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Rooney v Leicester City - this one is about menopause discrimination, not football

View profile for Gillian Markland
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Rooney v Leicester City - this one is about menopause discrimination, not football

Even though more and more women over 50 make up our workforce, there is still a lack of understanding as to how menopause affects an employee experiencing it.

The recent case of Rooney v Leicester City Council demonstrated how the effects of menopause could amount to a disability under the Equality Act 2010. Here the claimant was a social worker with severe symptoms including insomnia, fatigue and palpitations, which she had experienced for over 2 years.

Rooney was initially found by the employment tribunal not to be disabled for the purposes of s.6 of the Equality Act 2010, as they found that she did not satisfy the requirement for the condition to have a substantial, long term impact on her day-to-day activities.  However, the Employment Appeal Tribunal overturned this decision and commented that the initial tribunal had focussed on what the claimant was able to do rather than what she was unable to do.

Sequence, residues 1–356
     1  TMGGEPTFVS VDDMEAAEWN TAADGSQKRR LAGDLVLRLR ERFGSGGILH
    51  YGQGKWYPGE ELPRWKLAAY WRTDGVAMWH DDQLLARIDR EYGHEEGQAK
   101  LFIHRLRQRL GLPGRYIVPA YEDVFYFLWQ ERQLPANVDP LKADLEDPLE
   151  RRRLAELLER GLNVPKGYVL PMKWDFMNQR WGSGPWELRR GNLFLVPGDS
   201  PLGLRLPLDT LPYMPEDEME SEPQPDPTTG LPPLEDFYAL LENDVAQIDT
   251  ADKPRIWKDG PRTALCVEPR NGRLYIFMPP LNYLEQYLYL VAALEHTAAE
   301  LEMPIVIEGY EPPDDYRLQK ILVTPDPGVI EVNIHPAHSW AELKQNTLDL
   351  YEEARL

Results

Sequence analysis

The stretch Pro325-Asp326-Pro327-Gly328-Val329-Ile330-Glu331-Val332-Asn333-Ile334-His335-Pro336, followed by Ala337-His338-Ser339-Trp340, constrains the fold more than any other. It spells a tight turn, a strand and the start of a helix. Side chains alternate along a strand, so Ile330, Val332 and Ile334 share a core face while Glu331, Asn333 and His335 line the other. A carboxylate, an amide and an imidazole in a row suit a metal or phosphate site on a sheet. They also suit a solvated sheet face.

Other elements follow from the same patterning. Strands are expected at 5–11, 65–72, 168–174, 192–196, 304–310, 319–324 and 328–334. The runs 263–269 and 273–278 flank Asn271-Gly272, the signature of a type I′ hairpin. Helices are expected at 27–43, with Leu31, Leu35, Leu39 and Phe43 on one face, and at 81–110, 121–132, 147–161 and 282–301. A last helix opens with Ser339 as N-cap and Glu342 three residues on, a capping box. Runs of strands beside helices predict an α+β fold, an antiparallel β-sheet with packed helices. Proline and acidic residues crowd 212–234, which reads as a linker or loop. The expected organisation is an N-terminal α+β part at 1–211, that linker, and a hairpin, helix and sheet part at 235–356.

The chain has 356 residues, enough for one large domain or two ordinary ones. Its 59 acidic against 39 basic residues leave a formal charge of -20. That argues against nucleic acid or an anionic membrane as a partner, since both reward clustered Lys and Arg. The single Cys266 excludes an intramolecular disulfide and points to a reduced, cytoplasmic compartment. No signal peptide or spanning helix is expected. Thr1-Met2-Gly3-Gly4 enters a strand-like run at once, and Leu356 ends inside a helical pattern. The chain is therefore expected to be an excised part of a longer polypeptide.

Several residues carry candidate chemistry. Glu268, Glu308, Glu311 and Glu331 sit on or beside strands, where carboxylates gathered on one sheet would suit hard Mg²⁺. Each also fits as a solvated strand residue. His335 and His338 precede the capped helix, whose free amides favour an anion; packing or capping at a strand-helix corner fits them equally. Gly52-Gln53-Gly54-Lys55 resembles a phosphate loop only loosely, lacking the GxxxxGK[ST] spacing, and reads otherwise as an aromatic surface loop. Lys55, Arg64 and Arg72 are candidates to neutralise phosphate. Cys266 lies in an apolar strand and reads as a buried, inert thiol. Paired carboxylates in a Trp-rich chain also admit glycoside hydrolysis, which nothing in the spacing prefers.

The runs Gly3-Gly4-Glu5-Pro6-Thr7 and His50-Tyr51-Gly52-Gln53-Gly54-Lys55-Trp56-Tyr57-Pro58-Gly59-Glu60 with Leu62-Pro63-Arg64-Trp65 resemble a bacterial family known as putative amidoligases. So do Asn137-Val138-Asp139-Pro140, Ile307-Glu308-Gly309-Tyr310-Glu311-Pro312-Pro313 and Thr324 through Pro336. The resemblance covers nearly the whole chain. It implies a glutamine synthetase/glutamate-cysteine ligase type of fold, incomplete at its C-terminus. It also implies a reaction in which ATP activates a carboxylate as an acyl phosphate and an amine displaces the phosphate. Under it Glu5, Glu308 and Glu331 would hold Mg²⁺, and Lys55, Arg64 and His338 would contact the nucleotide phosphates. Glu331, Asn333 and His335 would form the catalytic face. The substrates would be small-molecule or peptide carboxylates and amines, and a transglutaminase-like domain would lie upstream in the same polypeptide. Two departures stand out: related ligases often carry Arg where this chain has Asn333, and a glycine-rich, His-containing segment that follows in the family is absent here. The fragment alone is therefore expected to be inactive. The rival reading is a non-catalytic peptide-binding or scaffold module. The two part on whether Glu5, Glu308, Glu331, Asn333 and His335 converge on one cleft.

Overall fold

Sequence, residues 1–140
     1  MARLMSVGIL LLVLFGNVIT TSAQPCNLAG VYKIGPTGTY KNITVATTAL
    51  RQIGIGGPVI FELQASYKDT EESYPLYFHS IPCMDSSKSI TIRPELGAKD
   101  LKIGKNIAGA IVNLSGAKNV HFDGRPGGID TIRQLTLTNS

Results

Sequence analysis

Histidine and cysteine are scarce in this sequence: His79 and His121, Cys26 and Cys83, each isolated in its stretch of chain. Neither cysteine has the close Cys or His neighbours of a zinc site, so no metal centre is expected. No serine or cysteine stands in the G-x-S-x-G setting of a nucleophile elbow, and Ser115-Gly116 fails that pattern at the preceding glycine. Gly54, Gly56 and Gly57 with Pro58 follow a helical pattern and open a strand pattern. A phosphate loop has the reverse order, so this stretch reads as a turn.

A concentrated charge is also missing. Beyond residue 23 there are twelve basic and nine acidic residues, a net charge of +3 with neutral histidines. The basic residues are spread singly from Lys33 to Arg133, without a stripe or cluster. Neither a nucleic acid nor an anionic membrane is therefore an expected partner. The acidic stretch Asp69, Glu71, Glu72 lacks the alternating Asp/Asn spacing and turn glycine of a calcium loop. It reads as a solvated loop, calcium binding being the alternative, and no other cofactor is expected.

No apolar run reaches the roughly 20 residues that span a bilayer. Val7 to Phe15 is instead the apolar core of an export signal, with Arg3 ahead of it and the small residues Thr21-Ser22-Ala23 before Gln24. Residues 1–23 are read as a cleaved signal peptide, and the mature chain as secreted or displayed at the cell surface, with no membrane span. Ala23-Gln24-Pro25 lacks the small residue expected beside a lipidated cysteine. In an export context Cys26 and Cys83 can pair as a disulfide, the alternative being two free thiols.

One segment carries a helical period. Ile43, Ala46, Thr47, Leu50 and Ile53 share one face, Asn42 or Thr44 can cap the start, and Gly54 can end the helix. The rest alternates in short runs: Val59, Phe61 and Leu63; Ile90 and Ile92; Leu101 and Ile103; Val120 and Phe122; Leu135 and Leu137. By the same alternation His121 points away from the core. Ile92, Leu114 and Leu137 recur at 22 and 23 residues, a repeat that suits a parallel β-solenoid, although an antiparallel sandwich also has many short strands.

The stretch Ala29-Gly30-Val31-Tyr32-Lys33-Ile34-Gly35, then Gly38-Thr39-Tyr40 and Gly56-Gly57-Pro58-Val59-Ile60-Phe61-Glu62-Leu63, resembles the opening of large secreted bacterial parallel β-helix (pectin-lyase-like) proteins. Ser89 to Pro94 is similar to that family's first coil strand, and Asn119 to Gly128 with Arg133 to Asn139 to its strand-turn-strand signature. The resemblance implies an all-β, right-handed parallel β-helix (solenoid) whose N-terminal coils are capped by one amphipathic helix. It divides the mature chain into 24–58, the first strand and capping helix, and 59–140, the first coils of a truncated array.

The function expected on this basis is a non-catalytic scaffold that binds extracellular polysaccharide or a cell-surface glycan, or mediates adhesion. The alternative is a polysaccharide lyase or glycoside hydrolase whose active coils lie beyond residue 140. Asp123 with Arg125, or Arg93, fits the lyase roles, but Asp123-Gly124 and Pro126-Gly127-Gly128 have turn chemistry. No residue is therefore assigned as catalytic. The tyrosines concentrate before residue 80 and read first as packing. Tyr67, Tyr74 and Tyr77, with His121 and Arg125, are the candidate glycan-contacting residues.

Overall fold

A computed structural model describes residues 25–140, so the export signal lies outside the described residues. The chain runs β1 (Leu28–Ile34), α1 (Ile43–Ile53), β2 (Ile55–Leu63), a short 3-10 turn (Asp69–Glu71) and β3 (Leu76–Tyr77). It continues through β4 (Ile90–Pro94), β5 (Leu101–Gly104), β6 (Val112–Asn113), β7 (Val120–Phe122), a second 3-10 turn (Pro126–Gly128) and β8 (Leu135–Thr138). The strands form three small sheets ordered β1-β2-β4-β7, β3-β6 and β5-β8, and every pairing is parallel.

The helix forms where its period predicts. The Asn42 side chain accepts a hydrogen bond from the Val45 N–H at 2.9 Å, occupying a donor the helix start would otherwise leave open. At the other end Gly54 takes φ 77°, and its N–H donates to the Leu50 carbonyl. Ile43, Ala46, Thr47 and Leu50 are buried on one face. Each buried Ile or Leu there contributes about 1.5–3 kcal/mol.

Although the above case explores how the menopause can be considered in the context of disability, there is also scope for it to be considered in age and sex based discrimination under equality legislation.

To avoid such potential issues, when considering how to manage employees experiencing the menopause, appreciation should be given to the variety of ways an individual can be affected, and how personal the experience can be.

Acas reports that employees experiencing menopause feel that they lose confidence in their skills and abilities.  In addition, they report that employees feel compelled to hide the reasons for absences and in some cases feel that they have no choice but to resign due to the impact of their symptoms. These factors can then manifest themselves as issues for employers such as sickness absence, performance issues and employee retention.

Having an effective workplace policy in place in relation to the menopause can promote honesty and openness about an individual’s support needs, ultimately benefiting both parties.

For help and advice on creating your own policies and procedures, contact our employment team.

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